Imagine a dishevelled father reading the illustrated pages of Murder Monger to his wife and a brood of ragged children in a slum room adorned with the portraits of such homicidal celebrities as the murderer James Greenacre. So the famous cartoonist John Leech, in the pages of the magazine Punch in 1849, depicted the depraved taste of the lowest classes. Throughout the Victorian age, there was much anxiety expressed about violent, lurid and suggestive literature corrupting the minds of the working-classes, through tales which recounted the exploits of highwaymen such as Jack Sheppard, and other villains; and condemnation of the gutter press for bloodthirsty reporting of modern atrocities.
For my study of the efforts to abolish capital punishment in Britain, Victorians Against the Gallows, however, I have been interested not so much in the ‘literature of Newgate’ (so-called after the prison in London) as in the discussion of crime and punishment in works of fiction which sought to make the gallows a thing of the past.
We know that a few important early Victorian novelists used their works to critique current penal practices – Edward Lytton Bulwer had done this already in Paul Clifford in 1830, and Dickens expressed his distaste in Barnaby Rudge in 1841, for instance. Dickens’ friend Douglas Jerrold – a famous writer at the time – was a noted abolitionist who used the pages of Punch magazine in its early years, to promote this cause. Other novels were for a middle-class readership – appearing in expensive three-volume novels, or short stories in periodicals. For a more plebeian readership there was the impassioned attack on the gallows in G.W.M. Reynolds’s radical and lurid penny dreadfuls on underworld and aristocratic depravities, Mysteries of the Court of London (1848 – 1856).
Naturally, since capital punishment was one of the heated questions of the day, not all the literary treatments were against capital punishment, and, rather like the representation of the vegetarian which I explored in an earlier book, Of Victorians and Vegetarians, the abolitionist might figure as a representative crank or revolutionary.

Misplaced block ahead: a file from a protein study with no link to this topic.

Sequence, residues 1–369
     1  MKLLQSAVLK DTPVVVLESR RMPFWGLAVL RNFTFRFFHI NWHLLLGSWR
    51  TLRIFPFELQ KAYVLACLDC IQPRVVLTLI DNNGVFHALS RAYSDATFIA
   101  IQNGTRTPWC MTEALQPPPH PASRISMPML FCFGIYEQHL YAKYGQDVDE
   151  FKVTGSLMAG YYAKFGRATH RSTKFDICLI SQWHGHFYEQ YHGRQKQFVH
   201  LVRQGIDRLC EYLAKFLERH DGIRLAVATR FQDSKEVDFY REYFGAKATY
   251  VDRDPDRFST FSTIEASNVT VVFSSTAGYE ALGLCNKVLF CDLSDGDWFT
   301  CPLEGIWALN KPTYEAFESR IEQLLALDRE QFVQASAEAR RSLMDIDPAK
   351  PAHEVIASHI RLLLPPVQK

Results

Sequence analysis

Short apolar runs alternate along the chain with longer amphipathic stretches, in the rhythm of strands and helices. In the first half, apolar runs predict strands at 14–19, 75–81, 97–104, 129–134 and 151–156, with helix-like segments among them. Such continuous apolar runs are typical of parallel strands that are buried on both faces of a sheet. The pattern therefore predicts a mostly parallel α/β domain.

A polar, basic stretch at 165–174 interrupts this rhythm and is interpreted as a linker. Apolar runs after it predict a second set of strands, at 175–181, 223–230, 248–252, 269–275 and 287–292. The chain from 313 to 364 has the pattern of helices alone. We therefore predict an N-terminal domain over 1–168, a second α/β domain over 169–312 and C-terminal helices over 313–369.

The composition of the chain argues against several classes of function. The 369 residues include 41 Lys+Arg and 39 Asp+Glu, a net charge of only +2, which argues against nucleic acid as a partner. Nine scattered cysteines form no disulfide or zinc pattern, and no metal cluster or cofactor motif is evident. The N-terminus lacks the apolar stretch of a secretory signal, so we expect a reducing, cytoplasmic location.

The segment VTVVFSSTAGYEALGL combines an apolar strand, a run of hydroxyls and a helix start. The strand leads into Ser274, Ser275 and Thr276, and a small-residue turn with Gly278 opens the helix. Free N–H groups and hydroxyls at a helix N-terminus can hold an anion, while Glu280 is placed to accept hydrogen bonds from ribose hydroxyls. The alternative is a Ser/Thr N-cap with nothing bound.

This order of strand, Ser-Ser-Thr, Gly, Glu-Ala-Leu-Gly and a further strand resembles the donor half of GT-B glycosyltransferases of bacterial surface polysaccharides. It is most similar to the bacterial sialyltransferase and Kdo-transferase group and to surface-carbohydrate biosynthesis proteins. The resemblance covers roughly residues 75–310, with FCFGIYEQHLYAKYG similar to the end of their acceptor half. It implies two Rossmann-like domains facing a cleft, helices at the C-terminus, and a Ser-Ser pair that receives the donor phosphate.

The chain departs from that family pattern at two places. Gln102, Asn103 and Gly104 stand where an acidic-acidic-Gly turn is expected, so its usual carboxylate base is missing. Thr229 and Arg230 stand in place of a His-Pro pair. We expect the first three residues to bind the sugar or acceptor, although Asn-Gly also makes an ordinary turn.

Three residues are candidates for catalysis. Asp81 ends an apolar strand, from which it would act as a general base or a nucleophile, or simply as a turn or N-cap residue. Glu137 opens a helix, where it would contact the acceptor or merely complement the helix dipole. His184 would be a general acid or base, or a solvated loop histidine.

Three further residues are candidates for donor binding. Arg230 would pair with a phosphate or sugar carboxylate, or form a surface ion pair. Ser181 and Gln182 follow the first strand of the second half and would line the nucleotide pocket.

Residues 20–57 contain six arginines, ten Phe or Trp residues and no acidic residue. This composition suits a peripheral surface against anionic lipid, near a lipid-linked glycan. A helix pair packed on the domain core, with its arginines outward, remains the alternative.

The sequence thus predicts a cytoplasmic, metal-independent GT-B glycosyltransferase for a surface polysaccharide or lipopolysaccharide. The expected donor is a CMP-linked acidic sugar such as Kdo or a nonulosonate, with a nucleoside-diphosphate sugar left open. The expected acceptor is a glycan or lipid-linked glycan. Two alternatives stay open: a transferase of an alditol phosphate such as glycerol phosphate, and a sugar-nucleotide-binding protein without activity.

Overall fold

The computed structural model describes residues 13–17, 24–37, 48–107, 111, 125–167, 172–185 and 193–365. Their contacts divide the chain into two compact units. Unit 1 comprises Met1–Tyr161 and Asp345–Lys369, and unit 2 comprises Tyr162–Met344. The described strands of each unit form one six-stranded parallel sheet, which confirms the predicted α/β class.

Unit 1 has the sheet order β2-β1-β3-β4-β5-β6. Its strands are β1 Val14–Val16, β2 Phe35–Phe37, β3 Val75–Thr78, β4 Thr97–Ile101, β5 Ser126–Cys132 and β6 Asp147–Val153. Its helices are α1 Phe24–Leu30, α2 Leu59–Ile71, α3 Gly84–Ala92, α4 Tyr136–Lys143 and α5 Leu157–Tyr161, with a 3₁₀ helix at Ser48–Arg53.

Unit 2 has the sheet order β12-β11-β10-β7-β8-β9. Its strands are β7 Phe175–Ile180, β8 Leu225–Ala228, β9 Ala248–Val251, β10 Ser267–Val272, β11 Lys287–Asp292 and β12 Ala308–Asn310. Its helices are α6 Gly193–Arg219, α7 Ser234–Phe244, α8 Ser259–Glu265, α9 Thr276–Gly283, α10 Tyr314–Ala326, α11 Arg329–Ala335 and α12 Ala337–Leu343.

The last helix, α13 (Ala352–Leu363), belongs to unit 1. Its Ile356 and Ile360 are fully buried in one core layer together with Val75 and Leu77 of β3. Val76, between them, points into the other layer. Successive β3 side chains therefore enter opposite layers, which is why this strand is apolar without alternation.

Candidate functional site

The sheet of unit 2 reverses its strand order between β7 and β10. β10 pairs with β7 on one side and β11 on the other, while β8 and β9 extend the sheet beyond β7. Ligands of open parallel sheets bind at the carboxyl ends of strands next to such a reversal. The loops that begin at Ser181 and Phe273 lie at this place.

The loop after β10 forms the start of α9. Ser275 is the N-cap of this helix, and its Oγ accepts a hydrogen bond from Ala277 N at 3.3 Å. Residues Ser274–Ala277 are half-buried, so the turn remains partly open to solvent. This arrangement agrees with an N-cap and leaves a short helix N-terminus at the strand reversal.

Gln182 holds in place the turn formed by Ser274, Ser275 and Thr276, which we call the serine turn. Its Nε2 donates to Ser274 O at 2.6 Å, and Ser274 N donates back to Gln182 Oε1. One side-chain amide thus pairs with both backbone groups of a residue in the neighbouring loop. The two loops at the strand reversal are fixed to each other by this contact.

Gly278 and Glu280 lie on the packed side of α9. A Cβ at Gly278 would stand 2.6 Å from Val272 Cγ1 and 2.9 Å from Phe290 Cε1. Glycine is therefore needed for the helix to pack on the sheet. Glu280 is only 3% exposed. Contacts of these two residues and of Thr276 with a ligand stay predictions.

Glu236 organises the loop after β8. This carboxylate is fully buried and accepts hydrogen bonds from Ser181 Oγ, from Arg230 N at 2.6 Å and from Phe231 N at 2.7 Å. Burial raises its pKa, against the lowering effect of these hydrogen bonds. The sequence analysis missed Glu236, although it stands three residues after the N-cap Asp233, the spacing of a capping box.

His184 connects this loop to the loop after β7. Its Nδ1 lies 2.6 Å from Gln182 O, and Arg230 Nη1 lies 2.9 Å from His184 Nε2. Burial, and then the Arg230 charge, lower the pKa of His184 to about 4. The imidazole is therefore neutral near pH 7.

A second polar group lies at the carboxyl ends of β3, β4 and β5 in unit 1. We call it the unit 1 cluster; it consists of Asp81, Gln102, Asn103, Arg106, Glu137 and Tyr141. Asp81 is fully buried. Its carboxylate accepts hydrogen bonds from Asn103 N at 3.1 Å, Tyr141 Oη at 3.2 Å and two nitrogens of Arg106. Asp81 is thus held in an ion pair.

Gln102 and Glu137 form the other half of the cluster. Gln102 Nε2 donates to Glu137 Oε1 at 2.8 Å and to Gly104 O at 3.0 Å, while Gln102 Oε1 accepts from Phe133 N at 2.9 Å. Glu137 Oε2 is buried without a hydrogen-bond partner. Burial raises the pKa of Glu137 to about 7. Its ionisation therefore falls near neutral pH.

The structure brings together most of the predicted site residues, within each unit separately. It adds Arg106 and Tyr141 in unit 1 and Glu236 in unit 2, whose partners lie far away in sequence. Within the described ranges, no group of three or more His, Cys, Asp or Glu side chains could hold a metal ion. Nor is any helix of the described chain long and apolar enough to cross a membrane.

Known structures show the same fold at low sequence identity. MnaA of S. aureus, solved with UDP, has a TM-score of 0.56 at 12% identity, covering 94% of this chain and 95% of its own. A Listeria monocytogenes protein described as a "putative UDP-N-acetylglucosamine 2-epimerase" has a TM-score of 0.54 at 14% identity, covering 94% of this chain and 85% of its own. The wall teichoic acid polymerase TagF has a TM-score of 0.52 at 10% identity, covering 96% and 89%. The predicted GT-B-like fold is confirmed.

Abolitionists believed in the power of the text to persuade readers: hence the mass of pamphlets they produced to try and win over public opinion and politicians. The problem for the abolitionist cause was that, as the journalist Charles Manby Smith wrote in 1856, the ‘annals of literature can boast no publication whose circulation equals that of the gallows-sheet’. Street literature associated with public hanging (not abolished in Britain until 1868) rarely criticised the penalty of death when they provided the life, trial, confessions and dying speeches of the condemned men and women – although I uncovered a few posters and broadsheets produced by abolitionists which sought to parody these.
For further evidence that capital punishment featured as the terrible fate of evildoers in Victorian literature – especially moralistic tales for a middle-class Christian households – you need look no further than Mary Sherwood’s Fairchild Family (first published in 1818) in which the father provided a memorable lesson to his children about the consequences of crime, after the squabbling at the breakfast table, by showing them the mouldering corpse of a murder on gibbet:
…the body of a man hung in chains; the body had not yet fallen to pieces, although it had hung there some years. It had on a blue coat, a silk handkerchief round the neck, with shoes and stockings, and every other part of the dress still entire; but the face of the corpse was shocking, that the children could not look upon it.
‘Oh! Papa, papa! What is that?’ cried the children.
‘That is a gibbet’, said Mr Fairchild: ‘and the man who hangs upon it is a murderer – one who first hated and afterwards killed his brother!’
The influence of Sherwood’s Fairchild Family was so vast that it led the Morning Chronicle to declare: ‘There is hardly an Evangelical family in England in which this lady’s works are not “the children’s library”.’
It’s difficult to ascertain whether reading about capital punishment in works of fiction persuaded people to join the ranks of abolitionists – many abolitionists before the abolition of public hanging had the visible horrors of execution crowd and gallows as a more compelling spur to their imagination and sympathies. Newspapers endlessly reported executions and participated in the debates on the rights and wrongs of the death penalty. But my study of the capital punishment question in novels, short stories in periodicals, and poetry, persuades me, a historian rather than literary scholar, that a turn to works of fiction, whether high brow or low brow, is essential for uncovering the complexities of attitudes towards important topics in the past. ■
James Gregory is Lecturer in Modern British History at the University of Bradford and his new book, Victorians Against the Gallows, was published in November.